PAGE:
“Acid reflux occurs when there is acid backflow from the stomach into the esophagus…The foods you eat affect the amount of acid your stomach produces. So eating the right kinds of food is key to controlling acid reflux or gastroesophageal reflux disease (GERD), a severe, chronic form of acid reflux.” – Healthline.com
We all have experienced the lovely feelings of acid reflux. The regurgitation of soured food and the burning sensation that seems to travel from your chest, through the throat, and into your mouth.
If you’re like most people, you’ve probably asked yourself why this uncomfortable feeling occurs.
First, we’ll get all “science-y” about it. At the inlet of your stomach is a ring of muscle, the lower esophageal sphincter, or LES. Most of the time when we eat, this valve closes as soon as food moves through it. When the LES doesn’t close completely or if it opens too often, the acid produced by your stomach can move upwards to the esophagus. This “trespassing” of acid is what causes heartburn.
The common risk factors for acid reflux disease – a chronic condition called gastroesophageal reflux disease (GERD), are:
– Consuming large meals
– Being overweight or obese
– Certain drinks, such as alcohol, coffee, tea, or carbonated drinks
– OTC and prescription medications, including aspirin, ibuprofen, blood pressure medications, or muscle relaxers
– Eating certain foods
It is this last risk factor that we focus on in this article.
Let’s get going!
Here Are Seven Foods (And Drinks) That Cause Acid Reflux:
Don’t kill the messenger, chocolate lovers: this delicious treat may cause more reflux than any other food. Here’s why:
1 – Common ingredients in chocolate, including stimulants caffeine and theobromine, may induce reflex.
2 – Chocolate is high in fat.
3 – Chocolate contains cocoa, a bean known to produce a reflux response.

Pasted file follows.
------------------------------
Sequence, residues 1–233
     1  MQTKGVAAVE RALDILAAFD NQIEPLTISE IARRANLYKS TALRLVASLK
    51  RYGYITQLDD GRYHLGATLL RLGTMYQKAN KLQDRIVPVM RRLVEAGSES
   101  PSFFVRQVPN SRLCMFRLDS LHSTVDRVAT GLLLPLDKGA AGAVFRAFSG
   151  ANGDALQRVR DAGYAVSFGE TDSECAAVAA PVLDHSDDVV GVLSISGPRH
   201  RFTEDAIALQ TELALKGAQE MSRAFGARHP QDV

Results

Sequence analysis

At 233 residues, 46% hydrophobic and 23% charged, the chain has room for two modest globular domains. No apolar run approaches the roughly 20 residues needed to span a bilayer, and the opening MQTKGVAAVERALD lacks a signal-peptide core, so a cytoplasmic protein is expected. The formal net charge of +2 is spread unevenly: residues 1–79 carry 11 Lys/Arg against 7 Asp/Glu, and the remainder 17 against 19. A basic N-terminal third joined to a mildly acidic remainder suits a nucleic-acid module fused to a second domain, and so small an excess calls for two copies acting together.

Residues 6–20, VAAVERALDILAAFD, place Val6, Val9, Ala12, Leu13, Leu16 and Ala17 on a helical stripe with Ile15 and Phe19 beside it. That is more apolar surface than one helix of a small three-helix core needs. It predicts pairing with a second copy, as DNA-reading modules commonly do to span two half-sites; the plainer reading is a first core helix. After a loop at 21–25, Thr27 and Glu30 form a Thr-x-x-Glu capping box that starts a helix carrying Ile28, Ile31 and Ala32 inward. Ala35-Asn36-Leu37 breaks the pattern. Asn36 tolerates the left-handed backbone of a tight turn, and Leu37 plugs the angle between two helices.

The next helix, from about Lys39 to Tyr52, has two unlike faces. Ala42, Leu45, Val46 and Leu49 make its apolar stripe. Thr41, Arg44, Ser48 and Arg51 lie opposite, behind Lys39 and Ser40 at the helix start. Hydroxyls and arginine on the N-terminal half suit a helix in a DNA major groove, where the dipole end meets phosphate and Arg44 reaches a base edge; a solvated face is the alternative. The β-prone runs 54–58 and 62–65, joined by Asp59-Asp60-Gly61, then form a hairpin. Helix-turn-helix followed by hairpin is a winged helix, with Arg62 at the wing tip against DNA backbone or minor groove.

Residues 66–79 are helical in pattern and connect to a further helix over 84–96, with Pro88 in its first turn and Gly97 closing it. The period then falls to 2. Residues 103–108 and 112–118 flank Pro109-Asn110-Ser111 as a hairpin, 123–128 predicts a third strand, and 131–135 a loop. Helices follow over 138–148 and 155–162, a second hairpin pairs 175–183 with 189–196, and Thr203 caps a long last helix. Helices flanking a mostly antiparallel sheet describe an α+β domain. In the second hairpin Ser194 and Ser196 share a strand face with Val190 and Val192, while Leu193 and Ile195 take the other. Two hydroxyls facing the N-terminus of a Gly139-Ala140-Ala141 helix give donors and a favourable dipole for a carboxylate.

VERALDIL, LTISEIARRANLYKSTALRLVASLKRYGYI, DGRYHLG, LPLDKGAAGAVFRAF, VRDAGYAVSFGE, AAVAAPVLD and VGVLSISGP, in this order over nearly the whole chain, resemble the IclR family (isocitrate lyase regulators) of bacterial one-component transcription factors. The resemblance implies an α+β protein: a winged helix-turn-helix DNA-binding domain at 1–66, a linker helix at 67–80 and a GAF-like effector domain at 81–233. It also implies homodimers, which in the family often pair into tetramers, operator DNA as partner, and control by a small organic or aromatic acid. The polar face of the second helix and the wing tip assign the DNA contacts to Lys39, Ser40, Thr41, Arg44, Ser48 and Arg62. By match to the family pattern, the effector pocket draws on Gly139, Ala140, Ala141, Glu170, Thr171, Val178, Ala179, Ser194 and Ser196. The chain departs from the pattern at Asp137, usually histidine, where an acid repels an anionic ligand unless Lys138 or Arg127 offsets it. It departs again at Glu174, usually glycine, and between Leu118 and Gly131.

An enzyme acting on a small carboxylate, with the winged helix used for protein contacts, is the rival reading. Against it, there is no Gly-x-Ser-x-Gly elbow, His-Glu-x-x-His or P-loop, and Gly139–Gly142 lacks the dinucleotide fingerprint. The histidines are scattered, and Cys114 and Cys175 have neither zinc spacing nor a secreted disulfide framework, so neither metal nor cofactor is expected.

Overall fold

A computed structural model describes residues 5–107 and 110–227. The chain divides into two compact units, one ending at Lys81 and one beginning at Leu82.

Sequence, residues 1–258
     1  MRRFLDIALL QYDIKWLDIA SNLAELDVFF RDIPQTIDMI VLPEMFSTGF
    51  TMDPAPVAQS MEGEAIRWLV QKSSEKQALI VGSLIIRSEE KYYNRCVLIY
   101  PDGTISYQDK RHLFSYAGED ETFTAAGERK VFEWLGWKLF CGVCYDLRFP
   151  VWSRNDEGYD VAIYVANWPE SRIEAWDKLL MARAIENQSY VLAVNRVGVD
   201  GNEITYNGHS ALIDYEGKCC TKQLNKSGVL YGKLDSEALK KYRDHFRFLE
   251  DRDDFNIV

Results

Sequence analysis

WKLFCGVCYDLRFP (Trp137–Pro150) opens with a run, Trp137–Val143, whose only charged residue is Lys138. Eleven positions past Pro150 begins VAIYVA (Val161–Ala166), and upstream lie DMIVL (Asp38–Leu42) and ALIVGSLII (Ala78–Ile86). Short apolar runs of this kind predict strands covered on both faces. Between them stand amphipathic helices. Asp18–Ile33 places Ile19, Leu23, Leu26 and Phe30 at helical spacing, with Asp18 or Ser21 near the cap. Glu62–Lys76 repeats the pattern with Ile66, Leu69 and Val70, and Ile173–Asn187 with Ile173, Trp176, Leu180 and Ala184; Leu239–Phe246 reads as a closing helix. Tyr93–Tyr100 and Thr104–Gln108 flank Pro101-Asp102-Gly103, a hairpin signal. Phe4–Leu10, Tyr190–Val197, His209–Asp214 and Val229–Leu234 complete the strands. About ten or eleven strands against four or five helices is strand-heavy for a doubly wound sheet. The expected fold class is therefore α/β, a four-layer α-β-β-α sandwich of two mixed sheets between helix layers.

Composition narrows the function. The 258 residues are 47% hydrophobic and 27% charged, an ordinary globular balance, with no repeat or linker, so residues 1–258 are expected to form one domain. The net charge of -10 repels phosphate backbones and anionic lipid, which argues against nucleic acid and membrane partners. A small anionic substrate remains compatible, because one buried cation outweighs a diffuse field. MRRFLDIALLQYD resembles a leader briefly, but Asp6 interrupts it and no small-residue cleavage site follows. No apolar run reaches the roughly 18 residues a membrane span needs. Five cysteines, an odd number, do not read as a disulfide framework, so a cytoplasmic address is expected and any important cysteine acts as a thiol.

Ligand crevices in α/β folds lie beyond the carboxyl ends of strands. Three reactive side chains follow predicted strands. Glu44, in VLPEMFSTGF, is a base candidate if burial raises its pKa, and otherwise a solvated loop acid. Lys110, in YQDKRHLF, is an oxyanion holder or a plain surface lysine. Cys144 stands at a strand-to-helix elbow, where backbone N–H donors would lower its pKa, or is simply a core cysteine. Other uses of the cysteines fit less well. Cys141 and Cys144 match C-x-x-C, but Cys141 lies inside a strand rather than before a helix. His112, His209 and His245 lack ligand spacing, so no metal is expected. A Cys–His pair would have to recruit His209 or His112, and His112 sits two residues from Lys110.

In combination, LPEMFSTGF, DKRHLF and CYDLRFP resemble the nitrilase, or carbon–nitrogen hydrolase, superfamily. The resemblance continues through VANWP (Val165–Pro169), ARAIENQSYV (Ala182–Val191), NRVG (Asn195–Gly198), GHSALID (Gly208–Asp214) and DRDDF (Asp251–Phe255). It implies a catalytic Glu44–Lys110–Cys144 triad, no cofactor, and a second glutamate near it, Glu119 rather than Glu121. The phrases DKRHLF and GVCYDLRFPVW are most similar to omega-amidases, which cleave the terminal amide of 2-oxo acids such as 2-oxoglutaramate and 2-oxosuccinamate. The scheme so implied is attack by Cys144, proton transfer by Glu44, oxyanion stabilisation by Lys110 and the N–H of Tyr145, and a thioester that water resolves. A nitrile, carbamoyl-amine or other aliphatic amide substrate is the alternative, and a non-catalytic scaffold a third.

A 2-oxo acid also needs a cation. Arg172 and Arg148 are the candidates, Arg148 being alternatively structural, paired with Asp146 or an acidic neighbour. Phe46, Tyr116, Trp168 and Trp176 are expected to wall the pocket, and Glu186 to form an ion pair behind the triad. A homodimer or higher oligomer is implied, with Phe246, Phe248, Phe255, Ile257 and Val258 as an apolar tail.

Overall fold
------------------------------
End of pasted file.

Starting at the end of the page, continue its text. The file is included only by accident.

Dark chocolate doesn’t quite produce the same amount of reflux episodes, but the difference is marginal.
Yep, you knew this one was coming. Carbonated beverages – including our beloved Coke and Pepsi – are among the leading causes of acid reflux.
Here’s why carbonated beverages are bad for acid reflux:
1 – Carbonated bubbles (culprits of that “burp” reflex) expand inside of the stomach, which can stimulate a reflux response.
2 – Almost all sodas are acidic, and acidic ingredients contribute to reflux.
The worst offenders? Diet Pepsi, Coca-Cola, and Tab.
Booze may not be too acidic, but nearly every form of it – beer, liquor, and wine – can bring about acid reflux.
Alcohol can produce an acid reflux response by relaxing the pathway that adjoins the esophagus and stomach. Of course, this isn’t the type of “relaxing” we envision when imbibing – and it can produce some nasty reflux.
Let’s get this out of the way: all high-fat foods are among the main culprits of reflux. This little factoid includes any kind of high-fat dairy product: cheese, milk, butter, yogurt, and ice cream among them.
Low-fat is a better alternative, but can still instigate reflux. The best advice is to consume dairy on a seldom basis.
OH, COME ON! What else is on this list, breathing!? (Palm Slap) Okay, this writer still has a job to do.
Medical professionals claim that up to 3, 8-ounce cups of coffee is fine for health. Not bad, right? Well, if you’re a fiend for the java – you are sending reflux an RSVP.
Chamomile tea is a healthier option, or a cup or two of green tea per day.
Or you can just do what most of us coffee lovers will probably do and roll the dice.
Fried foods are (gasp!) high in fat! French fries, fried chicken, fried fish – basically anything that is both fried and delicious – are among the common culprits of reflux.
The high-fat content in fried foods is what makes them among the top causes of heartburn; the chest pain that results from acid reflux.
Like fried foods and dairy products, the high-fat content in meats makes it an instigator of acid reflux. Meats such as beef, lamb, and pork also take longer to pass through the stomach during digestion – and increase the risk of a reflux response.
The better alternative is to choose lean cuts of meat – chicken, turkey, tenderloin beef and pork, extra-lean ground beef, and Canadian bacon, for example – and limit meat as an entrée to once per week.